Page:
- Duke Energy Progress told the North Carolina Utilities Commission that it could recover up to $300 million from insurance companies for costs associated with the utility's handling and cleanup of coal ash waste, the Charlotte Business Journal reports.
- The amounts are a factor in consideration of the utility's broader rate increase proposal, which totals $477.5 million in additional annual revenue. New regulations mean Duke Progress could wind up spending more than $2.5 billion to clean up coal ash ponds and comply with new regulations.
- Costs related to coal ash cleanup have come to dominate the rate case. A new lawsuit filed by the Southern Environmental Law Center seeks to stop alleged violations of the Clean Water Act at Duke's Belews Creek facility in Stokes County.
Duke's coal ash conundrum is playing a major role in its ongoing rate case even as new lawsuits emerge.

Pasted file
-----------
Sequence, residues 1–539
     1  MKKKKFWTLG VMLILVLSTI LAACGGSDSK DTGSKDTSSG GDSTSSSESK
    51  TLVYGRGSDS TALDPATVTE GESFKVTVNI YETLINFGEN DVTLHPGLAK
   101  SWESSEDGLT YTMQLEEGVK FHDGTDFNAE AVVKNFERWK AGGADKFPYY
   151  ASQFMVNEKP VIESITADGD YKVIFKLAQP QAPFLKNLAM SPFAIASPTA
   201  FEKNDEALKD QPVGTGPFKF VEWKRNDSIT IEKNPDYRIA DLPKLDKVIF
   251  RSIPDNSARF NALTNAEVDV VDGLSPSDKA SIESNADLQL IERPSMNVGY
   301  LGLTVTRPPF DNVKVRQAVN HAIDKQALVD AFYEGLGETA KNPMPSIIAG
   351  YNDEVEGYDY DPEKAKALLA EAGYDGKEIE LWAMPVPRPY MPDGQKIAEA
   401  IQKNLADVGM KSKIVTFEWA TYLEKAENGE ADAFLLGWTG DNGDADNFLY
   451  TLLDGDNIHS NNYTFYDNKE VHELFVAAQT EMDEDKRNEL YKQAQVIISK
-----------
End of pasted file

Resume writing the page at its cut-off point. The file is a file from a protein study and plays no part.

SELC's lawsuit, filed this week, accuses the utility of dumping its coal ash pollution into Little Belews Creek and groundwater through its malfunctioning wastewater treatment system, and illegally using the creek as part of its wastewater dump.
Myra Blake, attorney for the Southern Environmental Law Center, in a statement accused the utility of continuing to "pollute the groundwater and creek connected to Belews Lake and the Dan River" and said Duke "plans to do so into the future despite the harm it has already caused and the concerns voiced repeatedly by the community."
Costs to clean up coal ash pits have varied widely. Most of those costs would be in North Carolina, but Duke will file a rate case in South Carolina in 2018. Any payment from insurers for part of the cleanup would likely face legal challenges. Duke has said payments could reach $300 million over the longer-term, including future costs.
Duke Carolinas spent $434 million from 2015 through November of 2016, while Duke Energy Progress spent about $292 million. Earlier this year, Duke Carolinas said it had removed almost 3 million tons of coal ash at three facilities, including the Dan River plant. Duke Progress had removed about 2 million tons from its Asheville and Sutton plants. But environmental and customer advocates say ratepayers shouldn't be on the hook for the utility's decisions.
The utility's rate increase proposes almost $500 million in new revenue to pay for some grid improvements, plant upgrades and new solar, along with coal ash expenses.